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The Western  
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The Western is a distinctive American narrative genre that has developed over more than two centuries and now is recognized and consumed worldwide. Its most familiar expressions are in literature, popular fiction, film, and television, but it also is important in painting, photography, music, sport, and advertising.

Heroic Western narratives have served to justify transformation and often destruction of indigenous peoples and ecosystems, to rationalize the supposedly superior economic and social order organized by European Americans, and particularly to depict and enforce the dominant culture's ideals of competitive masculine individualism.

The celebration of male power, beauty, and relationships in Westerns is compelling to many readers and viewers. Although the form of masculinity idealized in the Western is in opposition to the majority's stereotypical constructions of male homosexuality, both man-loving men and those who claim to reject same-sex attraction have found a great deal of interest in the narrative.

Development and Form of the Western

The national fantasy of the Western has its roots in the seventeenth and eighteenth centuries in the wars between Native Americans and European colonists. It developed during the rapid westward movement of settlers and the continuing conflict with native peoples after the American Revolution.

Building on the careers of actual frontiersmen, particularly Daniel Boone, white Americans constructed an ideal image of the pioneer hero that articulated what they wanted to believe about themselves. This heroic ideal was widely expressed in the popular press, oratory, painting, sculpture, and popular lithographs.

The most important early statement of the heroic Western ideal was by James Fenimore Cooper in his five "Leatherstocking" novels [The Pioneers (1823), The Last of the Mohicans (1826), The Prairie (1827), The Pathfinder (1840), and The Deerslayer (1841)]. Although his novels are set on the older frontier east of the Mississippi, Cooper established patterns of continuing importance in the development of the Western: his pioneer hero is an agent of white society, defending women, who are constructed as embodying civilized values, but he resists domestication, which would limit his individual freedom, and his strongest bond is with another male, the Mohican warrior Chingachgook.

In the period after the Civil War, popular dime novels, which were published in huge numbers and were very widely read, developed a related narrative form dealing with adventure on the Great Plains, in the Rockies, and in the Southwest, and began the idealization of the cowboy.

Buffalo Bill's Wild West Show and similar popular entertainments dramatized representations of cowboy life and battles with Native Americans, anticipating the popularity of Westerns in motion pictures.

Artists such as Frederic Remington and Charles M. Russell also developed a rich tradition of Western painting and sculpture in the later nineteenth century and early twentieth century.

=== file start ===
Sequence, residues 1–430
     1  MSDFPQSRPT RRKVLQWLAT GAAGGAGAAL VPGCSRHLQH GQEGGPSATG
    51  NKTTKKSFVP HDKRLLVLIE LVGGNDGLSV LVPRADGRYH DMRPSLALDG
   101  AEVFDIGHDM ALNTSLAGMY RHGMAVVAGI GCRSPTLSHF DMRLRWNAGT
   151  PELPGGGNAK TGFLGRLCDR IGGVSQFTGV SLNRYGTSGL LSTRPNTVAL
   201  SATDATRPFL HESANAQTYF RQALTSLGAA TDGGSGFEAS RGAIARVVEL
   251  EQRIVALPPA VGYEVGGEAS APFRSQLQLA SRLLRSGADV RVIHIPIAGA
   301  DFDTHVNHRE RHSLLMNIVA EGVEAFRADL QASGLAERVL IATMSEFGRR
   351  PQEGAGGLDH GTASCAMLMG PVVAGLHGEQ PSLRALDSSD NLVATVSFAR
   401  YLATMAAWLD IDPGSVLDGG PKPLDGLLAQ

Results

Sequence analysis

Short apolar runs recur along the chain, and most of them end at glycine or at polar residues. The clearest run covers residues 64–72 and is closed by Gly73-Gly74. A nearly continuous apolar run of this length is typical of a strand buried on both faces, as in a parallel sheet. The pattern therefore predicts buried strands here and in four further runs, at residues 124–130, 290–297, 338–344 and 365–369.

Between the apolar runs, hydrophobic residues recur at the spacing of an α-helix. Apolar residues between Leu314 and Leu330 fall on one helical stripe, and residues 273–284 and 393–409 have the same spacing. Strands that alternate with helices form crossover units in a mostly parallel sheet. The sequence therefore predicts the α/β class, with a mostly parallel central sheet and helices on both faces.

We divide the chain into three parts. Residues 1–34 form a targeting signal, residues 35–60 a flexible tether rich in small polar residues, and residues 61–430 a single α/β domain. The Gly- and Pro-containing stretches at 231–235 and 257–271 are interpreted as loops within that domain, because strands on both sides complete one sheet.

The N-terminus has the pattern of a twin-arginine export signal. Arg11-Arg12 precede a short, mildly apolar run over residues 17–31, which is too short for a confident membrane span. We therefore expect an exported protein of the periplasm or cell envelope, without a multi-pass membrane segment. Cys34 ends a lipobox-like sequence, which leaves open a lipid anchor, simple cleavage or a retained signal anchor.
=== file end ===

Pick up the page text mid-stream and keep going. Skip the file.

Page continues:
Owen Wister defined the cowboy hero further in his highly popular novel, The Virginian (1901), which helped shape the evolution of heroic Western narratives in the movies as the medium emerged. Later popular Western adventure fiction such as the novels of Zane Grey, Max Brand, Luke Short, Jack Schaefer, and Louis L'Amour also strongly influenced the development of movie and then television Westerns. Emotionally intense relationships between men characterize many of the popular Western novels of the twentieth century and the movies and television series that often were based on them.

In the twentieth century the cowboy became the most widely recognized American cultural ideal of manhood, the subject not only of popular fiction, movies, and television shows, but also of country and western music and of advertising campaigns, particularly that for Marlboro cigarettes.

For many Americans, their ideals of masculinity still are expressed by the roles John Wayne played in John Ford's series of classic Westerns.

Contemporary artists have continued the tradition of Western painting: for example, in the work of photorealists such as James Bama, who paints beautifully detailed depictions of working cowboys and rodeo cowboys, and in the luminous watercolor "cowboy landscapes" of Texas artist Brad Braune.

In the new millennium, Western motifs are omnipresent: just about every week, huge television audiences watch the daring, dangerous competition of Professional Bull Riding; Western clothing is widely popular, particularly in the West and South; and some politicians, such as George W. Bush, continue to invoke Western imagery and rhetoric. Indeed, shortly before he ran for President of the United States, Bush--perhaps imitating Ronald Reagan--purchased a ranch to cast himself as a cowboy.

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The cowboy member of the Disco group The Village People wears a costume derived from those found in the Hollywood Western to create an instantly recognizable hypermasculine persona.
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